We made it through another desperately hot — yet freezing inside — Texas summer. Cooler weather means a decrease in the amount of mosquitoes, the main thing that kept me from lounging in my backyard for the past four months. Fall gives us a chance to again appreciate the warm sun and be grateful for the respite during the evening with brisk nights perfect for sleeping outside. This time of the year is ideal for a quick jaunt from city center for some easy camping.
Here are some simple tips and tricks to get your family outside during the next few weeks.
1. You don’t need expensive gear to go camping. A high-quality camp sleeping pad costs more than $100 but I’ve never owned one. I use a $25 sleeping pad but mostly rely on all of my old blankets to provide a soft cozy bed. Tents are super expensive as well, and the only time we break out the tent is if it’s raining or there are mosquitoes. Otherwise, you can find us under the stars in a blanket loaded truck bed. Check the weather, pack the blankets and head out the door.
2. There are a few essential items that will make your trip a bit more pleasant. Toilet paper. Most of the camp areas around here keep their bathrooms extremely clean and well stocked with TP, but this is something you don’t want to live without. It doubles as tissues and, if needed, fire starter. Pack a bit of newspaper to help you get your fire started, it will save time and works better than TP. Most camp bathrooms don’t provide soap or towels, so unless you want dirty hands and armpits for a weekend, pack a towel and low scent bar — more scent attracts bugs if they’re out. A book or magazine and a percolator — none of these are necessary, but a cool fall morning at a campfire with a cup of percolator coffee and a good story can solve most city life problems.
3. Reserve a campsite ahead of time if possible. Good campsites in the area book early and spots can be reserved online in advance, but don’t let no reservations deter you from a spur of the moment trip. Most places don’t fill up — call before leaving to find a park with open sites. Many of the local park gates are open until 10 p.m., allowing plenty of time on a Friday after work to arrive. Going to be later than that? No worries; call in advance, reserve a spot and they provide a code to get in after hours.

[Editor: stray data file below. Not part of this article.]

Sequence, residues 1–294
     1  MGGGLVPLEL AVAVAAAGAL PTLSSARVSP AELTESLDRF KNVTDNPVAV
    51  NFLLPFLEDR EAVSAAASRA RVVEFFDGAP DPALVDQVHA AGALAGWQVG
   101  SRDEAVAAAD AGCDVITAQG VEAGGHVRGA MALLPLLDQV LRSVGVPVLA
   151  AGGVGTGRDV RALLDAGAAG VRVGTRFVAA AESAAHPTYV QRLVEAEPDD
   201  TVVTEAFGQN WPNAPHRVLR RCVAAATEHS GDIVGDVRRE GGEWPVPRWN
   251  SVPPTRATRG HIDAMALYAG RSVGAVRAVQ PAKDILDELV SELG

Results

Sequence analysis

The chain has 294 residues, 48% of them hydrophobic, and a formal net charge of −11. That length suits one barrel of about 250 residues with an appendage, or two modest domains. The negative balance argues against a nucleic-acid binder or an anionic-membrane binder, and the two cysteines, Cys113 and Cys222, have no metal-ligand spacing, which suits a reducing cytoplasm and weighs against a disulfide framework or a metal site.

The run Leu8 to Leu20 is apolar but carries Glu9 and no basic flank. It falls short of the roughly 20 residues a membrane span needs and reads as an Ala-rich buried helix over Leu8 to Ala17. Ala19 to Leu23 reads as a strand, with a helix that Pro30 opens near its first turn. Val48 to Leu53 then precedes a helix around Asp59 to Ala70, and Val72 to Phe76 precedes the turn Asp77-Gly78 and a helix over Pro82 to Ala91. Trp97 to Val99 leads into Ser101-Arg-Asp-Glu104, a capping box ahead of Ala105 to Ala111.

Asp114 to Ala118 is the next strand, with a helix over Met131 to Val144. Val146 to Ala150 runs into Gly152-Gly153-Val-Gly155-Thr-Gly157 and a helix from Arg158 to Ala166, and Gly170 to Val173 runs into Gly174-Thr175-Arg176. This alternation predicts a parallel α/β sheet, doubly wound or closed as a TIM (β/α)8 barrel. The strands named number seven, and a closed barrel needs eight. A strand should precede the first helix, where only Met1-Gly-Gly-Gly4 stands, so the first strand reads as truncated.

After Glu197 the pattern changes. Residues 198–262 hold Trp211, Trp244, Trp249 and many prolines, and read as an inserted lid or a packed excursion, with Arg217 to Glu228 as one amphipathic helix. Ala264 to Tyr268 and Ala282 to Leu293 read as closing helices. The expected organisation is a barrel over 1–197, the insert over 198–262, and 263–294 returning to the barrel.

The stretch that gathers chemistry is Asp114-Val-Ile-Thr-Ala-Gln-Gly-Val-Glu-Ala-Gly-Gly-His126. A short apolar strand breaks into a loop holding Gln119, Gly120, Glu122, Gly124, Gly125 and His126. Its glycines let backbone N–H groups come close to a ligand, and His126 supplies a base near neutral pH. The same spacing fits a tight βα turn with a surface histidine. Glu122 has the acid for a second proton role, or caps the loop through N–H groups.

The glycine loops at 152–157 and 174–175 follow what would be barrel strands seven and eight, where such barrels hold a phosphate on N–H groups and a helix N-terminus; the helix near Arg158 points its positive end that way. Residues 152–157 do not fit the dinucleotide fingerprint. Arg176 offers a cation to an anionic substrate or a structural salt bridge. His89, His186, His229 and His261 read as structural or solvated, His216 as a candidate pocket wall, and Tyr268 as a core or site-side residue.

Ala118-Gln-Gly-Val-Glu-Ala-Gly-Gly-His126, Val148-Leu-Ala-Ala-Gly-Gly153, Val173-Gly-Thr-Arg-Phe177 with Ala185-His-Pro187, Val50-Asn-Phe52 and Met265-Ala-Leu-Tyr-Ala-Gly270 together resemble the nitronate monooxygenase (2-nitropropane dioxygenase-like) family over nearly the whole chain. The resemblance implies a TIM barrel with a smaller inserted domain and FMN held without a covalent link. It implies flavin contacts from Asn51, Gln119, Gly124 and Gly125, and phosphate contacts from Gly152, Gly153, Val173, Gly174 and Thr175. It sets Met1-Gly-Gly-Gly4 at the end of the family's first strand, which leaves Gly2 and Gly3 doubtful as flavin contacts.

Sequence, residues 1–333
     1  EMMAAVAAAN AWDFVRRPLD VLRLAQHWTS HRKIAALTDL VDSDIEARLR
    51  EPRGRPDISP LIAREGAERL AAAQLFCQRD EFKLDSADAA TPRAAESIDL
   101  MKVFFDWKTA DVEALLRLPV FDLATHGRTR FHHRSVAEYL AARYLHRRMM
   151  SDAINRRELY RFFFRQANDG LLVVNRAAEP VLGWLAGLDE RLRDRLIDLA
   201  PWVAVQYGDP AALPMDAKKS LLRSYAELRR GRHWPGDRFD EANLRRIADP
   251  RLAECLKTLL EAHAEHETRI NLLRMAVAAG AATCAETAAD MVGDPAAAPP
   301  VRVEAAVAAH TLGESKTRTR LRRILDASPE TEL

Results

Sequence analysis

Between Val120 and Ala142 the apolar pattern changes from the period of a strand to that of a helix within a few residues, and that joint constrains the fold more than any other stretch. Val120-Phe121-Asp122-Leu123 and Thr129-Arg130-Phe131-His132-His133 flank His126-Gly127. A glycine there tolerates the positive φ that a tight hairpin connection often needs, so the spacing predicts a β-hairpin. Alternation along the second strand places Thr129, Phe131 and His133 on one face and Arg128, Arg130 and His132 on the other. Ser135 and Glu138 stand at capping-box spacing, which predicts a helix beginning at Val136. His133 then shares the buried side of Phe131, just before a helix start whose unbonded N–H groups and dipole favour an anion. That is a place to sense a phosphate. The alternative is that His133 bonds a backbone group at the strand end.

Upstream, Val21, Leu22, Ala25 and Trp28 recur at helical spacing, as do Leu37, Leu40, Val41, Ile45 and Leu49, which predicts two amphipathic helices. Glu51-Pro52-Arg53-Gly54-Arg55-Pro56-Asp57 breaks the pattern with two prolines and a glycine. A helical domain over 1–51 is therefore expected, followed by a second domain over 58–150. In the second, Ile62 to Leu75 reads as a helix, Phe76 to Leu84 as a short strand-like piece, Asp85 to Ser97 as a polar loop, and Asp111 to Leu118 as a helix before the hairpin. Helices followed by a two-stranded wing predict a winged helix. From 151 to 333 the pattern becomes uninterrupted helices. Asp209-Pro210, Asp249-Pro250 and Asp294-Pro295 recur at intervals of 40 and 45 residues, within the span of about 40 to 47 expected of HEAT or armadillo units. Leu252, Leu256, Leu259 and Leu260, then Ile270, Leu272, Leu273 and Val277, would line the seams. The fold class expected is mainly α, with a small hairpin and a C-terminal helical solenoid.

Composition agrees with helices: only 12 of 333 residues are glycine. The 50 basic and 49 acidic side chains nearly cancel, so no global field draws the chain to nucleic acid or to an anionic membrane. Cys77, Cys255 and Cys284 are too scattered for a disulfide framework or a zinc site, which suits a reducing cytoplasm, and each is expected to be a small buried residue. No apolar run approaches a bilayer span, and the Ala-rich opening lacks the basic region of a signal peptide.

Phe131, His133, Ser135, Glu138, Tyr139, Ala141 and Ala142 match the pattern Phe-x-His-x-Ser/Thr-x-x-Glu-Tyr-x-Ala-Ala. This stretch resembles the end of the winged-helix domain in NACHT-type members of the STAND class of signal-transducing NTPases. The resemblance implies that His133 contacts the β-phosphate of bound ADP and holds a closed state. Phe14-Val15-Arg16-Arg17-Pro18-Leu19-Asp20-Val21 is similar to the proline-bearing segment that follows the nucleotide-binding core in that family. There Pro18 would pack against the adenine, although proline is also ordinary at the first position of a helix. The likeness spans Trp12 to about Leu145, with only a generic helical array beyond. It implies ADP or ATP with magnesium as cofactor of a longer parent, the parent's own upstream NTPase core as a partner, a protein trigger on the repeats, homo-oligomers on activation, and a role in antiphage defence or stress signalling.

If you have no interest in packing any of these supplies, let someone else do it for you. Texas Outdoor Family (run by Texas Parks and Wildlife Department) host camping workshops for people with zero to little camping experience and provide all of the equipment. The next workshop held close by is Oct. 7 at Tyler State Park. Reserve your spot online at tpwd.texas.gov.
There are several other parks in the area with camping opportunities. My recent favorite is Mineral Wells State Park, about two and a half hours west of Dallas. The park has standard camping with plenty of lakeside shade, screened in shelters (perfect if you don’t have a tent), RV campsites if you are the glamping kind, primitive campsites that are a 2.2 miles hike from your vehicle and equestrian campsites (sleepover with your horses). In addition to many camping options, you can fill your days with more than 12 miles of hiking trails, 20 miles of flat trail way, biking, boating, kayaking, fishing, swimming if the days are warm enough and, for the experienced adventurer, natural rock climbing. On the east side of the lake, Penitentiary Hollow is one of the few natural rock climbing areas in North Texas.
Most people complain about the weather in Texas being too hot or too cold, but in the next few weeks you have no excuse to not get outside. The weather is going to be fantastic, the parks are nearby and you don’t need many supplies. Make some memories with your families and take a break from the hustle and bustle (ie: traffic, noise pollution, etc.) of the city.
As seen in the Katy Trail Weekly.